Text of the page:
Browsing Medical Oncology by Subjects
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Clinical experience with gefitinib in Indian patients.INTRODUCTION: Treatment options are limited in patients with advanced or refractory non-small cell lung cancer and lead to suboptimal outcome and/or benefit. The epidermal growth factor tyrosine kinase inhibitor gefitinib (IRESSA) has been approved in many countries. Increased responsiveness to gefitinib has been demonstrated in particular subsets of patients, for example never smokers and patients of Asian origin. However, to date, little is known of its use specifically in patients from India. METHODS: Retrospective ad hoc analysis of clinical data from experience with gefitinib in patients with advanced NSCLC from India enrolled in the IRESSA Survival Evaluation in Lung (ISEL) study (n = 77) or included in the gefitinib expanded-access program in India (n = 133). RESULTS: Among Indian patients enrolled in the ISEL study, median survival was 6.4 months with gefitinib and 5.1 month with placebo. The objective response rate in Indian patients was 14% with gefitinib versus 0% with placebo. In ISEL, tolerability data from Indian patients were consistent with the overall study population. In the Indian gefitinib expanded-access program, median survival was 6 months and gefitinib was well tolerated. CONCLUSIONS: Gefitinib seems well tolerated in Indian patients with advanced NSCLC, with some clinical benefit observed.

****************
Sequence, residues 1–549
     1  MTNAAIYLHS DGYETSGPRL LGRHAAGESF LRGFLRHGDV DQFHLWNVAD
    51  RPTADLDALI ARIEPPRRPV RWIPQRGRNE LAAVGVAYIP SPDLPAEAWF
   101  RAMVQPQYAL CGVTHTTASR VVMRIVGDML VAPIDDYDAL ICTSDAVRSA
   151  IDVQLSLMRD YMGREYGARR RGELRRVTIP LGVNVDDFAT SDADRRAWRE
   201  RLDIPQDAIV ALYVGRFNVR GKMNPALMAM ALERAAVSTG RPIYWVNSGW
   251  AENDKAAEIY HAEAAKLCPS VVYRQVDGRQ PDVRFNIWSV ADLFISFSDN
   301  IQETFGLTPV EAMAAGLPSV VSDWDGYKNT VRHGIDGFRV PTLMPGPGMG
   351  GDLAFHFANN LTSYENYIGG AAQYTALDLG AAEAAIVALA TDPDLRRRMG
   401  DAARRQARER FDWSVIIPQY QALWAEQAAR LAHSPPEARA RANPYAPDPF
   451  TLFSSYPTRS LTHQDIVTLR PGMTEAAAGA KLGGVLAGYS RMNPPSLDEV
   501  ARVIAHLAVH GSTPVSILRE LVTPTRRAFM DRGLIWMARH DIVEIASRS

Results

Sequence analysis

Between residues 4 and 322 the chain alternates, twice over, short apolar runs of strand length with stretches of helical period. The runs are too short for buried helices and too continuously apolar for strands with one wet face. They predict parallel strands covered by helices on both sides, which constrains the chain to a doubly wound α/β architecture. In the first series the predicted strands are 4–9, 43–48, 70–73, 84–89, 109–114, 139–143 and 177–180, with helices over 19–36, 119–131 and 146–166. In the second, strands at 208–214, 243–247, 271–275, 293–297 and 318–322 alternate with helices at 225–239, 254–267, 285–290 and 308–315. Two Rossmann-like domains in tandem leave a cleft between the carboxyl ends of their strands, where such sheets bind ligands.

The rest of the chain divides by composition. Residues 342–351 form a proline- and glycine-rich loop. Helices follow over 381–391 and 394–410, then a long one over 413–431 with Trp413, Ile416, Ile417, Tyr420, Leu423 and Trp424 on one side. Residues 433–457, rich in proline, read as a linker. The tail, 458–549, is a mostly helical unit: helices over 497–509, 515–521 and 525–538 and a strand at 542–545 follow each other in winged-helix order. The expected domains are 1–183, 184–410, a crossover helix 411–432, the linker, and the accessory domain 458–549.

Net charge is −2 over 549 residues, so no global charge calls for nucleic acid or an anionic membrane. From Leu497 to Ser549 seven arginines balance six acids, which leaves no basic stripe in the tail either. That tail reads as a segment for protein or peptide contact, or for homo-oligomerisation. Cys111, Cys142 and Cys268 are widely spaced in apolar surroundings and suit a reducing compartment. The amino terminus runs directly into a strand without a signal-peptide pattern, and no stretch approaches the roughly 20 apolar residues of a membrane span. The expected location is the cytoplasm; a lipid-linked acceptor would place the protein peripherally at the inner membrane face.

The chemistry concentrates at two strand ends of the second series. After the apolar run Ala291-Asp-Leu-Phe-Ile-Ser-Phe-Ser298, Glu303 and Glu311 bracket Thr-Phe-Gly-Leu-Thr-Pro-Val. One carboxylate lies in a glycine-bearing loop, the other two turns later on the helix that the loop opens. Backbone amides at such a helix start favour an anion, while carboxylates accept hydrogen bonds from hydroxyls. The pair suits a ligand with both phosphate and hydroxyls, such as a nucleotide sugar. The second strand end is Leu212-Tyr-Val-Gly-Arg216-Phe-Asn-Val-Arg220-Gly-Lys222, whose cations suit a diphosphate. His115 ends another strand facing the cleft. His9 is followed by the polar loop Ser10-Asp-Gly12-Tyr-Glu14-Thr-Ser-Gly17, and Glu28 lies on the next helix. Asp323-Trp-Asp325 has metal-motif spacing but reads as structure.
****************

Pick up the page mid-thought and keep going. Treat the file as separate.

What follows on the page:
Patterns of mortality after prolonged follow-up of a randomised controlled trial using granulocyte colony-stimulating factor to maintain chemotherapy dose intensity in non-Hodgkin's lymphoma.The effect of utilising granulocyte colony-stimulating factor (G-CSF) to maintain chemotherapy dose intensity in non-Hodgkin's lymphoma (NHL) on long-term mortality patterns has not been formally evaluated. We analysed prolonged follow-up data from the first randomised controlled trial investigating this approach. Data on 10-year overall survival (OS), progression-free survival (PFS), freedom from progression (FFP) and incidence of second malignancies were collected for 80 patients with aggressive subtypes of NHL, who had been randomised to receive either VAPEC-B chemotherapy or VAPEC-B+G-CSF. Median follow-up was 15.7 years for surviving patients. No significant differences were found in PFS or OS. However, 10-year FFP was better in the G-CSF arm (68 vs 47%, P=0.037). Eleven deaths from causes unrelated to NHL or its treatment occurred in the G-CSF arm compared to five in controls. More deaths occurred from second malignancies (4 vs 2) and cardiovascular causes (5 vs 0) in the G-CSF arm. Although this pharmacovigilance study has insufficient statistical power to draw conclusions and is limited by the lack of data on smoking history and other cardiovascular risk factors, these unique long-term outcome data generate hypotheses that warrant further investigation.